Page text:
Mike: Marvel sat on the rights for a number of years and I was not a fan of their approach to the material. I hounded Lucy Wilson about what the Star Wars franchise could be as opposed to how it was being treated. She knew I had real passion for the films and specific ideas about how we would go about the comics. It didn't hurt that I was a Star Wars geek. In the end, my passion for the material caused Lucas to decide to give us a chance. I think we've created a tremendous success with the title over the years. The passion remains. In fact, Randy Stradley and I are currently writing the third installment of our own Crimson Empire.
Gavin: The '90s really made Dark Horse a focal point with writers and artists coming on board from DC and Marvel. What do you believe was the big draw for most of them to go to an independent company?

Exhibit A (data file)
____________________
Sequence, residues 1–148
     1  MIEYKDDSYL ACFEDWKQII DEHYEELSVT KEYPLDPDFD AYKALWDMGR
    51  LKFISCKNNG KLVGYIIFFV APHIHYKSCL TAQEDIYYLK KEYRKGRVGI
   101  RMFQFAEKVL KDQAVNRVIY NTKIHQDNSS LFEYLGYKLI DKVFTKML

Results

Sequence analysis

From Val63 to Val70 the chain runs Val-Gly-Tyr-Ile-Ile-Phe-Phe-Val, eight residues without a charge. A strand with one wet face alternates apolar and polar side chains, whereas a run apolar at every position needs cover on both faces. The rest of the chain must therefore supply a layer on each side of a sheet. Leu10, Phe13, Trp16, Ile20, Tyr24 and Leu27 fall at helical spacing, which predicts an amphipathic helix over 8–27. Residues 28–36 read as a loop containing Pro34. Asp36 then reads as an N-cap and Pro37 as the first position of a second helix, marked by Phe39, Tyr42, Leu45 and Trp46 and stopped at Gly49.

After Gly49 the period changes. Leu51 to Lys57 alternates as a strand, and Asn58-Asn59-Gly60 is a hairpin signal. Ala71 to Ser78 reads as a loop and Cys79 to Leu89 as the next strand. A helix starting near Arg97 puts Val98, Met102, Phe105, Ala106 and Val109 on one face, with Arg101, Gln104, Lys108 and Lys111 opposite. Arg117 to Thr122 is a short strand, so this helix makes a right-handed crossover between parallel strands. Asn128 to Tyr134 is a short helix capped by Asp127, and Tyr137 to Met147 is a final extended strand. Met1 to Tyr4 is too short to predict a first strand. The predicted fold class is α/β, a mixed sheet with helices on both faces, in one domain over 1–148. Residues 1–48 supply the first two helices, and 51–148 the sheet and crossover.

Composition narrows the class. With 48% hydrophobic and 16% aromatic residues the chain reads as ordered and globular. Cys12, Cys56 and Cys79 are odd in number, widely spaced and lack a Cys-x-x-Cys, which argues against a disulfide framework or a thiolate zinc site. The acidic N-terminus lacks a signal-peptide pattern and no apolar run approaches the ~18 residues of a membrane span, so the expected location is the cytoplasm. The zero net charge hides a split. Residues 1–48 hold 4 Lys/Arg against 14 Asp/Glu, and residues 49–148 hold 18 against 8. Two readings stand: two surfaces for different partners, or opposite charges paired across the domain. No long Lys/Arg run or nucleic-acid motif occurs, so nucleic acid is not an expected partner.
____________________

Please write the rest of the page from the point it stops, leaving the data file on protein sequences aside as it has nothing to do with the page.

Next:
Mike: For our first several years, we had been receiving much critical acclaim for our books, but we couldn't quite get that one breakout title we needed to convince some of the bigger names in comics to work with us. That changed when Frank Miller decided to bring his two new series, Sin City and Hardboiled (with Geof Darrow) to Dark Horse instead of Marvel or DC, the companies everyone had assumed he would choose. That single moment gave us a piece of credibility with certain creators that we had been missing. I point to certain events which changed our fate with regard to our success and growth: Paul turning down Marvel, DC, and about eight other publishers to keep Concrete with us, the publication of the first Aliens comic, the acquisition of the Star Wars license, and Frank Miller coming to Dark Horse.